Writer: Kyle Higgins / Artist: Hendry Prasetya / Boom! Studios
OH MY GAWD A POWER RANGERS COMIC
Like most millennials, the instant I heard about this comic I knew it was morphin’ time (although to be honest past experience with DC Comics has made me wary about zero issues, so I decided to start with #1). From the days of pretending to be the Yellow Ranger on the playground to actually growing into fully embracing my Vietnamese identity, Power Rangers has always been a beloved part of my childhood. That being said, would I prefer an updated version of the characters to an identical replica of the 90’s? Um, yes. Please.
Starting off the series with the Green Ranger aka Tommy Oliver’s entrance to the team is a brilliant move not only because he tends to be towards the top of everybody’s favorite list but also because it makes the most sense from a narrative perspective. Whether you’re a fan of the original Super Sentai Series or hardcore Power Rangers all the way, it’s hard to argue that the dynamics of a fully formed, successful team aren’t always the most exciting. While the show of course had the advantage of its many special effects, the comic medium lends itself much more to the intricacies of teen drama. Or as Chris Scott, a local artist and employee from my favorite comic store Fantom Comics described it, “Archie meets clay monsters.”
This doesn’t mean that the comic isn’t without its fantastic action sequences. In fact, I was pleasantly surprised to see that Tommy and Kimberly’s romance didn’t actually take up 90% of the book as I feared and the entire team was able to get quite a bit of panel time. Coincidentally Kyle Higgins has also written one of my favorite Batman mini-series to date (Gates of Gotham) among many recognizable superhero names, so his pacing, dialogue, and story all showcase the marks of a pro. For instance, rather then the over the top obnoxious personalities you might remember, the school troublemakers Bulk and Skull serve as an excellent means of exposition through the recording of their Power Ranger-themed podcast (if only I could add that to my list!). Even Kimberly’s attempts at flirting don’t feel forced or unnatural, just your typical awkwardness of not knowing how the other party feels.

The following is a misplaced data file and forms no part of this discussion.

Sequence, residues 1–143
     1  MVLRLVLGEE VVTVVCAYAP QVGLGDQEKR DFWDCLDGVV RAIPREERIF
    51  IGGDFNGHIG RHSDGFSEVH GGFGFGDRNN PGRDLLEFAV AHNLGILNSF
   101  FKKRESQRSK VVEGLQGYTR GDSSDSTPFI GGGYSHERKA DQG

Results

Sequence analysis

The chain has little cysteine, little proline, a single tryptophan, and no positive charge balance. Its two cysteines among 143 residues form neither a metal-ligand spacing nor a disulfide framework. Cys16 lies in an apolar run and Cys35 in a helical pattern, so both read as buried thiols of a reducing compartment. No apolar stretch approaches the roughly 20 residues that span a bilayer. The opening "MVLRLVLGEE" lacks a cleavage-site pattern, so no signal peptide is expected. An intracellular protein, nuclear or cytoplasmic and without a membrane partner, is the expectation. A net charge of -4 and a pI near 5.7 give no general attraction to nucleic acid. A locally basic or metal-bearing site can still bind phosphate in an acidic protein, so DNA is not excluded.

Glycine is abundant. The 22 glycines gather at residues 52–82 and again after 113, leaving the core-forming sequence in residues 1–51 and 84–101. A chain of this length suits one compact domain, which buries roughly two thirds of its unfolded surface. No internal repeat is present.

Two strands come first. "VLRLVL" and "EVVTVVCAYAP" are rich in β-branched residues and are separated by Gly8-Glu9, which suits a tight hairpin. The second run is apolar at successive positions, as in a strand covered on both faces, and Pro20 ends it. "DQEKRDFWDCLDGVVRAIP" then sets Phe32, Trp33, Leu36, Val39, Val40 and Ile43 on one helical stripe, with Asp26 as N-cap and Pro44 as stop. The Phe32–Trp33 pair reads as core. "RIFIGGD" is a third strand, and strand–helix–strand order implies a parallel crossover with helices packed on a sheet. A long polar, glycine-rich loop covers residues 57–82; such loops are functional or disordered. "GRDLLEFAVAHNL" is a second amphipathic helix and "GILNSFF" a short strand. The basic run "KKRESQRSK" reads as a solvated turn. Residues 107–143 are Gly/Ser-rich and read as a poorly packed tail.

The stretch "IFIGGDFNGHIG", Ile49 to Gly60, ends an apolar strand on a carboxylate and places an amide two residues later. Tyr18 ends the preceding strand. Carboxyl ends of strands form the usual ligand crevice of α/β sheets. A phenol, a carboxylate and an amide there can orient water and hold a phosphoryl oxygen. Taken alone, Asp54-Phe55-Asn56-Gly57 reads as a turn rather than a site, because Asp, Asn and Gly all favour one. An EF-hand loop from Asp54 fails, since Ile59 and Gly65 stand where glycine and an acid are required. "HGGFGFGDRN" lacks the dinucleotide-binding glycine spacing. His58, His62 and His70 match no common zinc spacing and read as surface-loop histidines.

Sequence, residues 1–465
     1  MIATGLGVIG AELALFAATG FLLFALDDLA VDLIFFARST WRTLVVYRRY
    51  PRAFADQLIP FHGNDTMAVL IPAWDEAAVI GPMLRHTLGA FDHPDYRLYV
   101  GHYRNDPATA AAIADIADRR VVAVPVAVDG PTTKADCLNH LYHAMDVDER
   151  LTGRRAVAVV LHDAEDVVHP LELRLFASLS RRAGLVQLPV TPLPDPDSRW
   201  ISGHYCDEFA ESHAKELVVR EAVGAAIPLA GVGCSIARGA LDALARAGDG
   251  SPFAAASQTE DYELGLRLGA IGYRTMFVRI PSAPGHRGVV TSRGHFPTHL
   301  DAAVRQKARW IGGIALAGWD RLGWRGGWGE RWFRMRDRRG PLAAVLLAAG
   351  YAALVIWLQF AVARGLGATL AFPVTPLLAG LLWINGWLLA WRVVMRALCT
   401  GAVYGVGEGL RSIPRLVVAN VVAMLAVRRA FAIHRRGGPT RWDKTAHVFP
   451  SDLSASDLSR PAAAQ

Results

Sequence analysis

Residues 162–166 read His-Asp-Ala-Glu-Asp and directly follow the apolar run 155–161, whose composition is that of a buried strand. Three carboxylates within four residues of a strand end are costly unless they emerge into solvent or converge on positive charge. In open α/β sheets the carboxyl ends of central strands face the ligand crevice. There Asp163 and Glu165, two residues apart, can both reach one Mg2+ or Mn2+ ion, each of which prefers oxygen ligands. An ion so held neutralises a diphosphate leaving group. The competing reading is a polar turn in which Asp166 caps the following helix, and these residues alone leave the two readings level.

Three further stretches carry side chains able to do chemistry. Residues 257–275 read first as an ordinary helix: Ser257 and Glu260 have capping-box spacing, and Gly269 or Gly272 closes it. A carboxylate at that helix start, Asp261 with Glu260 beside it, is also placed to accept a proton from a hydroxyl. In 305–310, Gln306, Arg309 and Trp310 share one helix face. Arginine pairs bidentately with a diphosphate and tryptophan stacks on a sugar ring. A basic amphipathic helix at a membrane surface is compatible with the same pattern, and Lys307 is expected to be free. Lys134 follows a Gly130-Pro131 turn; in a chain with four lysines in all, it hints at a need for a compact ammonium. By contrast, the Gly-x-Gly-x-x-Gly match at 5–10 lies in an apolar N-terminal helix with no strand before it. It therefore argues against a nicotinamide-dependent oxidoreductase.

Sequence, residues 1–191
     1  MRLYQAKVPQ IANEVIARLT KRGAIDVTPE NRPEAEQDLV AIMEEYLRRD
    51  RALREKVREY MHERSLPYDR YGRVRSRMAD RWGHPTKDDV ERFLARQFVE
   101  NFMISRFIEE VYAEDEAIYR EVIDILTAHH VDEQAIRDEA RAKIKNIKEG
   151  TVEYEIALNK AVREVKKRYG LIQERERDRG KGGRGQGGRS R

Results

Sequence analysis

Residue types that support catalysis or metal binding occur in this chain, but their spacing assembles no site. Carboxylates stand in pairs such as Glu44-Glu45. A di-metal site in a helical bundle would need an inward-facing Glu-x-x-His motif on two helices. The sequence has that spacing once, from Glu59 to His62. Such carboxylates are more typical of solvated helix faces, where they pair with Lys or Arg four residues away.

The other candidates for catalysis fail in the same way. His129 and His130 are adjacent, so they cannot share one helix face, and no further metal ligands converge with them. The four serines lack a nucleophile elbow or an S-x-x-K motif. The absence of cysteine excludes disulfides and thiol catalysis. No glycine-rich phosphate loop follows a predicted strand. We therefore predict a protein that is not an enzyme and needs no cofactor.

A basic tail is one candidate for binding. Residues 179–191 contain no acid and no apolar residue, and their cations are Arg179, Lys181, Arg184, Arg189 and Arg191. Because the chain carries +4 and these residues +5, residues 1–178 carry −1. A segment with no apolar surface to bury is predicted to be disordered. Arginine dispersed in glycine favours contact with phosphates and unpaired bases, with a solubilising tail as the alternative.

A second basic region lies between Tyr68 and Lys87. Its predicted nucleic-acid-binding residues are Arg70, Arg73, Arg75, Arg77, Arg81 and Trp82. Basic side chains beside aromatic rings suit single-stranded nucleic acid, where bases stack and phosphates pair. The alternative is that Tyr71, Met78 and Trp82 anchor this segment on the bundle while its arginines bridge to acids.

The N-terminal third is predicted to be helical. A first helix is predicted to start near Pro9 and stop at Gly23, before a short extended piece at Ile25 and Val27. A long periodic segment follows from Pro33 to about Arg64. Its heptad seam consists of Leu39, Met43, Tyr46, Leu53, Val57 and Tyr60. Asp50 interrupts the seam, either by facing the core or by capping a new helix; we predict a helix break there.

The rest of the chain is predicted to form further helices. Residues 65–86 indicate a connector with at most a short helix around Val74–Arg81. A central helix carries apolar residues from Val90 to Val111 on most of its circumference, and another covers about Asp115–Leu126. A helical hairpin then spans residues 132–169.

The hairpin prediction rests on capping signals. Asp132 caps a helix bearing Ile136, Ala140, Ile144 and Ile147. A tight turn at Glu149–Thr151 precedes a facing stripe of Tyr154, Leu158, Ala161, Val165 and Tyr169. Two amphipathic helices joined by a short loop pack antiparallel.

From a visual standpoint Hendry Prasetya’s art walks a beautiful line between traditional American comics and anime, almost an artistic ode to the two countries Power Rangers owes its genesis to. There’s a particularly impressive angle captured towards the end that really highlights a mastery of anatomy. As for the faces of the characters, I like that they resemble the originals just enough to feel familiar, but are altered, too, to feel fresh and not like a gross caricature. Speaking of art, did you know that there’s also an entire gallery of variant covers available? Be sure to check out all the incredibly talented fanart that went into celebrating this series; I couldn’t think of a better way to reward your childhood until the next amazing issue.
9.3 Megazords out of 10